A filmed attack of a teenager has opened more discussions about the impacts of bullying and ways to prevent it.
While Gardaí investigate the incident, Lunchtime Live spoke to listeners about their own experiences with bullying.
Listener Sky said she blamed herself for the bullying she experienced in school.
“As you go that bit older and as you internalise that bullying, you become this bully that you can't escape,” she said.
“You're always retelling the same things that they've said about you... And there's no way you can escape yourself.”
Victims are also often afraid to discuss their experience for fear of “rocking the boat”, according to Sky.
“Even if you do go and speak to some people about it like teachers, they might tell you to be the bigger person,” she said.
Sky said victims of bullying should remember not to blame themselves, and while perpetrators may have underlying issues, the issue is never the victim.
“Some people are frightened of anything different,” Sky explained. “But that doesn't mean that you don't deserve to have friends.”
Anti-Bullying Campaign Programme worker Sean said the Department of Education has introduced effective anti-bullying measures – but schools aren’t doing their job.
“Bullying hasn’t gone down,” he said “Even though there's a program there and it is highly effective... implementation in schools is the problem.”
“Schools who deny they have a bullying problem, they’re the ones who don't understand what the bullying actually is.”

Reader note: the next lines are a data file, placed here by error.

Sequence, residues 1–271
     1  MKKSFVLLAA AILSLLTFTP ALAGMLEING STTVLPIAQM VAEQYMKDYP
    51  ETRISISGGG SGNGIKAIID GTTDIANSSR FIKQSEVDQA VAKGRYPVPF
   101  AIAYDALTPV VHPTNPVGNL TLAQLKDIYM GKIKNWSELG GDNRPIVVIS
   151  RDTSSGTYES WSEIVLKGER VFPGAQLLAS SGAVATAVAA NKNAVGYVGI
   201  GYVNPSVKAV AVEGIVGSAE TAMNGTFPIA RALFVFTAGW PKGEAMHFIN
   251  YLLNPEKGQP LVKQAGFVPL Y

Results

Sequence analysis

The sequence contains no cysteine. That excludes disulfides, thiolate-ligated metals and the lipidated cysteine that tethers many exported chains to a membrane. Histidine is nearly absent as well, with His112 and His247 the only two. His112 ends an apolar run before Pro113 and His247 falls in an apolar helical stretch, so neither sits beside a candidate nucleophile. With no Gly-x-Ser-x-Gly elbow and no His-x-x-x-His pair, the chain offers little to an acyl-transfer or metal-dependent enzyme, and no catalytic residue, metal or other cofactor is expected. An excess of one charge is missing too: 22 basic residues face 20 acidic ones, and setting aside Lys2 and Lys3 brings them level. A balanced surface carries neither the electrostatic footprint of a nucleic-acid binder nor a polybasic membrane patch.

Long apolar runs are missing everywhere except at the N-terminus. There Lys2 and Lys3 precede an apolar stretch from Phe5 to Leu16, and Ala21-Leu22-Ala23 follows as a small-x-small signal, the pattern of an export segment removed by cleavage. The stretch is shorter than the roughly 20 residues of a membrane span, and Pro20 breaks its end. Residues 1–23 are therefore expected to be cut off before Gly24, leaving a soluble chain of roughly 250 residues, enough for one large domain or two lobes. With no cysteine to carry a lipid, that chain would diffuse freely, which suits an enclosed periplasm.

Sean said anti-bullying measures should not actually punish the bully.
“I can understand at an emotional level by people with things like that they would really want to punish the child in question,” he said.
“However, for the last 100 years, the response of schools and everybody else to bullying situation was to apply punishment. And you know what? It never worked.”
Perpetrators of bullying need to “recognise the harm” they have caused and “make a conscious decision” to stop.
Sean said removing the threat of punishment removes to fear to speak out or confront yourself as a harmful person.
“You take away the punishment and suddenly they're free and safe to say what's going on knowing that nobody is going to get punished,” he said. “The teachers are just going to fix it.”
“I've been in hundreds of schools around the country... I know you still would want punishment for the sake of your child, but it's counterproductive. It doesn't work.”